It is also apparent that certain individuals are more susceptible to the metabolic induction effects of St. John's wort. Subjects with the highest imatinib AUC at baseline experienced a greater reduction in imatinib exposure after the administration of St. John's wort. These findings suggest that some individuals have relatively low baseline CYP3A4 activity, which renders them more susceptible to the induction effects of drugs, placing them at higher risk for major drug interactions. This observation has been reported with drug interactions involving antiretroviral agents.
It should be noted that this study did not involve direct observation of subjects ingesting St. John's wort. Compliance with the St. John's wort dosing regimen of 3 times/day, although reported to be excellent by all study participants, cannot be ensured. Hence, it is possible that the full induction capacity of St. John's wort on imatinib was not achieved in all subjects if compliance was less than 100%. It is also possible that patients undergoing imatinib therapy who have a substantially compromised health status compared with that of volunteers may exhibit greater changes than the one third decrease in imatinib exposure noted in this study.
St. John's wort is available as an over-the-counter dietary supplement in several formulations, produced by numerous manufacturers. As dietary supplements are not strictly regulated, the content and bioavailability of the active ingredients -- hyperforin and hypericin -- may vary considerably by product. The formulation of St. John's wort that was used in this study was the same as that used in several National Institutes of Health studies, which demonstrated significant drug-drug interactions. Based on the differences in content and bioavailability of active ingredients in commercial St. John's wort products, the magnitude of this drug-drug interaction with imatinib may vary, making these interactions less predictable or consistent than those solely involving FDA-regulated prescription drugs.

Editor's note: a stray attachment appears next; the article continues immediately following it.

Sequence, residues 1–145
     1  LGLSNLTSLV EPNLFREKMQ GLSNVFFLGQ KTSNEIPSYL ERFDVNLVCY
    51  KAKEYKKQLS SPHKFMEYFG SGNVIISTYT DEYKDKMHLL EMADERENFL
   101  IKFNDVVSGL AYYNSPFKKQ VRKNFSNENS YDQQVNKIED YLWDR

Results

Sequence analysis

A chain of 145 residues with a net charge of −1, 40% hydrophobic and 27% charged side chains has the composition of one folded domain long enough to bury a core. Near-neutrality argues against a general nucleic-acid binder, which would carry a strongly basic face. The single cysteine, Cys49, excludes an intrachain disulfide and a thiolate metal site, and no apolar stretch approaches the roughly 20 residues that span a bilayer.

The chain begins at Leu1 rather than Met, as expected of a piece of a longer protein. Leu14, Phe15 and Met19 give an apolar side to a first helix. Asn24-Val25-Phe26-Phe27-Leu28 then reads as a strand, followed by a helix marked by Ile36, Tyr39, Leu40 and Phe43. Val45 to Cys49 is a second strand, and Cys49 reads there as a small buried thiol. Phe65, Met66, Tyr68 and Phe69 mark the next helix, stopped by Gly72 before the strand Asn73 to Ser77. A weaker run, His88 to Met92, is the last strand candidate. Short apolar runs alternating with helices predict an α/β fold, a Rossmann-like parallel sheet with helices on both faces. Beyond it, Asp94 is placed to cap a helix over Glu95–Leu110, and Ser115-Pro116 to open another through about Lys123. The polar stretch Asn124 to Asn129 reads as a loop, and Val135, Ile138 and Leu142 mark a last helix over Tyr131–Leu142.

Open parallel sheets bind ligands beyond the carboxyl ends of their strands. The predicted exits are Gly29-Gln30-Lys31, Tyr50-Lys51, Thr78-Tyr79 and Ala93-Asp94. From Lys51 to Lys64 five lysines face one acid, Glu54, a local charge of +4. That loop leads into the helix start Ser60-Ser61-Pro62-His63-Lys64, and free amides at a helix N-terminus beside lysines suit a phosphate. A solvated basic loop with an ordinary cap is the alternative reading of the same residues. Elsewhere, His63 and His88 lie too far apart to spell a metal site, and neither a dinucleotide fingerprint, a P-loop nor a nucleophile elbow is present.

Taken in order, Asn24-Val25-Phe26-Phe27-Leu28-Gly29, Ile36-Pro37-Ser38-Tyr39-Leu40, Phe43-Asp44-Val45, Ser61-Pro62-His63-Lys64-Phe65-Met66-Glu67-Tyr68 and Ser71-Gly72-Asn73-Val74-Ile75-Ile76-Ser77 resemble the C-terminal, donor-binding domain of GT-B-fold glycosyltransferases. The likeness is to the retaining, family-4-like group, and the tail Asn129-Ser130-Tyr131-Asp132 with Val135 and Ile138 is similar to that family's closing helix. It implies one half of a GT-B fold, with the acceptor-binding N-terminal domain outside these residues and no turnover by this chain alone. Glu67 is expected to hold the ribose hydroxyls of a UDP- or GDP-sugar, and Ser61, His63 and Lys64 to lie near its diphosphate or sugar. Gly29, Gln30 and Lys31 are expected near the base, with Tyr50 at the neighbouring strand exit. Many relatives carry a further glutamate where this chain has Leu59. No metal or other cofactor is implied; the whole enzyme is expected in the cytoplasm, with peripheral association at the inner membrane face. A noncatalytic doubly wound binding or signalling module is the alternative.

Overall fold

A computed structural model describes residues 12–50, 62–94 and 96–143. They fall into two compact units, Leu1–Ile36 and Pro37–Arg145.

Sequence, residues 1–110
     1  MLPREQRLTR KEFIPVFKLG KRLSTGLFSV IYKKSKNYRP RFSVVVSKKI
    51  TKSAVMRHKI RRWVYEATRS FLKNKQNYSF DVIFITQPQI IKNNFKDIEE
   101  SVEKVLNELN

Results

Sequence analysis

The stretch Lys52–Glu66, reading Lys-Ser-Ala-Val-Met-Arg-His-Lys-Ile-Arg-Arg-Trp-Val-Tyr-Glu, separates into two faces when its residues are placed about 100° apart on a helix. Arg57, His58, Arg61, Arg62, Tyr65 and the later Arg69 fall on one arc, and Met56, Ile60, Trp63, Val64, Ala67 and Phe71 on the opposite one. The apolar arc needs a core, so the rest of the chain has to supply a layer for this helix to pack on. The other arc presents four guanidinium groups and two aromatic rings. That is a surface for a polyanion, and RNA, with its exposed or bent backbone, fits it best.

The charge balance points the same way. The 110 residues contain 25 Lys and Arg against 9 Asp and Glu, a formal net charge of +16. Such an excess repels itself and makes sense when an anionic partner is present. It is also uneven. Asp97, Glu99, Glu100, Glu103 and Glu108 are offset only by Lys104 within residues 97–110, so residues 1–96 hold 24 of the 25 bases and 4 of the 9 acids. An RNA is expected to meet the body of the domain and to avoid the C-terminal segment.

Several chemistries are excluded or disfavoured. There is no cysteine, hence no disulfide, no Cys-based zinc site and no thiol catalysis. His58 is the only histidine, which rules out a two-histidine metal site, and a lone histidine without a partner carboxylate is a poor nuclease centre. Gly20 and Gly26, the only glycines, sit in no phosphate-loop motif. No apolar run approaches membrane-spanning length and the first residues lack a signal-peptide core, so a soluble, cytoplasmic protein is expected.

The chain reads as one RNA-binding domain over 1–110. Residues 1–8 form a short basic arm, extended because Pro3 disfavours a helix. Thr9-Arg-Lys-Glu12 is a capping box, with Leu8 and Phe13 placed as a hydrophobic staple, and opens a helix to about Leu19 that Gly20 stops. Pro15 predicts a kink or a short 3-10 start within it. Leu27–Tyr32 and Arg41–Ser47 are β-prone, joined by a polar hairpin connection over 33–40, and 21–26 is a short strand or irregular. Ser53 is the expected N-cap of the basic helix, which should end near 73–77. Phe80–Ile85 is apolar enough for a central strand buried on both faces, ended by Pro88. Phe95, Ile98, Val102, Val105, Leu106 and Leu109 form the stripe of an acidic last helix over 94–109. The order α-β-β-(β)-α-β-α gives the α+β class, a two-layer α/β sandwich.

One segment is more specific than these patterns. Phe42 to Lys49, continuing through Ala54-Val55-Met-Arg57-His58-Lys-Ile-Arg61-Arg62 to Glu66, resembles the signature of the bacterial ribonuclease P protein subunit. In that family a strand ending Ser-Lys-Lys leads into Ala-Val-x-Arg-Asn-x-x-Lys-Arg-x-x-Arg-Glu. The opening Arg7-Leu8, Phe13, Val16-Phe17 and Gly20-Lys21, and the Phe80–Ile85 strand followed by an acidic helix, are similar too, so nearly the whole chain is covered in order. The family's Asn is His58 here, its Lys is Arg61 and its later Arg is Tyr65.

Administration of imatinib in patients taking St. John's wort significantly affected the pharmacokinetics of imatinib. Clinicians should be aware that St. John's wort may reduce imatinib exposure by 30-40% and should take appropriate actions to educate patients receiving imatinib. Awareness of the potential interactions between herbal products and anticancer agents will enable clinicians to take appropriate steps to ensure that such interactions do not unnecessarily compromise therapeutic outcomes.
Presented in part at the annual meeting of the American College of Clinical Pharmacy, Atlanta, Georgia, November 1-4, 2004.
Table 1. Pharmacokinetic Parameters of Imatinib Mesylate Administered Alone and With St. John's Wort
We appreciate the excellent nursing assistance of Denise Cloen and the superb technical contributions of Suzette Mis and Nancy Pyszczynski.
Supported in part by a Research and Education Award from the New York State Council of Health-System Pharmacists, Albany, New York, and grant GM24211 from the National Institutes of Health, Bethesda, Maryland.
Address reprint requests to Patrick Smith, Pharm.D., Roswell Park Cancer Institute, Elm and Carlton Streets, Buffalo, NY 14263.
From the School of Pharmacy and Pharmaceutical Sciences, University of Buffalo (Drs. Smith, Bullock, Booker, Haas, and Jusko); Roswell Park Cancer Institute (Drs. Smith, Bullock, and Booker); and the Clinical Research Center, Veteran's Administration Western New York Health Care System (Drs. Smith, Haas, and Berenson), Buffalo, New York.